Though the 2018 U.S. Midterm elections didn’t produce a clear victory for the climate, it was far from a defeat. While three of four far-reaching state ballot initiatives didn’t pass, the Democrats will take over leadership of the House of Representatives and several energy progressive candidates also won key governor’s races, L. Michael Buchsbaum takes a closer look.
Poland has seen relatively low electricity prices in recent years. While prices have been growing for our neighbours (e.g. Germany), Poland has managed to keep them fairly flat. However, all the signs are that this state of affairs is about to end, writes Michał Olszewski.
Over just four years, Uruguay increased its share of wind power from one percent to 33 percent. And in September, the country made headlines as it reached a new historical wind record of 48.94 percent. This is of course an amazing development, but there are still issues to be solved, says Maximiliano Proaño.
Germany is edging ever closer to its national target of 65% renewable energy by 2030: even as new government regulations slow down the speed of the Energiewende, market forces and Mother Nature have ensured that throughout 2018, renewable energy will cover at least 38% of Germany’s total electricity consumption. L. Michael Buchsbaum takes a look.
Germany’s transportation sector has been called a “problem child” by Merkel. The problems are no joke, says Paul Hockenos: ten cyclists died in Berlin this year so far. Where’s the low-carbon, sustainable metropolis we were promised?
Anybody following the Czech political debate about the future of the energy sector here must be confused. Sometimes it seems we have woken up back in 1985. Martin Sedlák attempts to give a sense of the current context of that debate.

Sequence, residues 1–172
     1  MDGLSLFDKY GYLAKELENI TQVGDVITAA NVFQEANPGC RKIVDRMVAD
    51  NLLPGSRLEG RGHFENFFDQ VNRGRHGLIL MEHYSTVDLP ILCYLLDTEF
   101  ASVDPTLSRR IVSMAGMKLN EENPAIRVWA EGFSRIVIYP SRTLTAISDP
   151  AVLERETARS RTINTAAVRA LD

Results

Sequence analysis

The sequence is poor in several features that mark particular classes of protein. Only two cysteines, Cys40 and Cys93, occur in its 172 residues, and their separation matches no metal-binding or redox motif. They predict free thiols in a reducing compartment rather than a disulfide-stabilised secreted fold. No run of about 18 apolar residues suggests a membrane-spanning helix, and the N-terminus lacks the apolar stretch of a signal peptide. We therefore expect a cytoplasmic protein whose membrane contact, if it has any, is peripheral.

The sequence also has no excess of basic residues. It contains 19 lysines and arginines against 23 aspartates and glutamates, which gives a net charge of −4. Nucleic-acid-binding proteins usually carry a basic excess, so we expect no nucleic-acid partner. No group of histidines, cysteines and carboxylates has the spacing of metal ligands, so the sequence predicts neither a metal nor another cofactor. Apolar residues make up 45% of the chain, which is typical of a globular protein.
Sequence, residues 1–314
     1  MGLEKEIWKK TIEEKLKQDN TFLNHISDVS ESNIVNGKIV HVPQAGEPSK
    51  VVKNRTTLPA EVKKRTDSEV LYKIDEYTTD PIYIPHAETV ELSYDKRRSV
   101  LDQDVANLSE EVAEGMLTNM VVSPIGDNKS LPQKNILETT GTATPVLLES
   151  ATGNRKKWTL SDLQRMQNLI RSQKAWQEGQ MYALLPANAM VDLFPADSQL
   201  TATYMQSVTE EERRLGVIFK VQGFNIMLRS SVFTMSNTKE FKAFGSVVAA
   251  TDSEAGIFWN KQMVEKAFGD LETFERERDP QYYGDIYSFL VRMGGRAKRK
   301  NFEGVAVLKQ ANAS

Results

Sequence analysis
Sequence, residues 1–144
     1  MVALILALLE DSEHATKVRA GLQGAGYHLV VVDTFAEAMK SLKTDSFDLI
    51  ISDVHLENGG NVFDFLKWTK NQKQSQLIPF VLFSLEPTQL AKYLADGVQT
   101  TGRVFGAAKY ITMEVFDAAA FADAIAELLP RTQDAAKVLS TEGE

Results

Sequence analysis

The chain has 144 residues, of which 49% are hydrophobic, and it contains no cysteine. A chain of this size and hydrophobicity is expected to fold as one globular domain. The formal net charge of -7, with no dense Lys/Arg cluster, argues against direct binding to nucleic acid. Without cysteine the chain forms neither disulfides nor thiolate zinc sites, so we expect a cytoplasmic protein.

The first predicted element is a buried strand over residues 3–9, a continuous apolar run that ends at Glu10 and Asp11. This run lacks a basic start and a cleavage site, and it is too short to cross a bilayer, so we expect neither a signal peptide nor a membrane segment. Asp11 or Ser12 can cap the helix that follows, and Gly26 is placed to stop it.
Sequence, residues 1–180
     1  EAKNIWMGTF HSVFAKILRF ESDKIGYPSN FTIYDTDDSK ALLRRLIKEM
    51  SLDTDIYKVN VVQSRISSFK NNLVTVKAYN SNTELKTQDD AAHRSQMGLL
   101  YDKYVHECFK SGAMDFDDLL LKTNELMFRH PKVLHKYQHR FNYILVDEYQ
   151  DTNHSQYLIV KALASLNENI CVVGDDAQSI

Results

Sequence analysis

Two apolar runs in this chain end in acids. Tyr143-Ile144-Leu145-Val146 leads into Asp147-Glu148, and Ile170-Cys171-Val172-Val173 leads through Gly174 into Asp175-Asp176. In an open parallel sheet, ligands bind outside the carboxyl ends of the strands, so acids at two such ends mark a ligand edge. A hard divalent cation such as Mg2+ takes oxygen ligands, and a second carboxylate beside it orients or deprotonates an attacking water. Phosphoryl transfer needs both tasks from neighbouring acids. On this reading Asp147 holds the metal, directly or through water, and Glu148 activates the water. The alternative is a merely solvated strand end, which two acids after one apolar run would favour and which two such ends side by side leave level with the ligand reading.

In the past few years, Brazil has experienced its worst economic recession in history, political crises, and corruption in the energy sector (especially the state company Petrobras). Now, the right-wing Jair Bolsonaro has become president of Brazil. What will be the consequences for energy, the environment, and the struggle against climate change? Maximiliano Proaño explains.
In Europe, the transport sector accounts for a quarter of all greenhouse gases. A transformation of European mobility is therefore crucial for combating climate change.
In response to the Trump administration’s massive rollback of environmental regulations, citizens across the US have put forth ballot initiatives to restrict carbon emissions, stop fracking, and encourage renewable energy development. L. Michael Buchsbaum goes in-depth.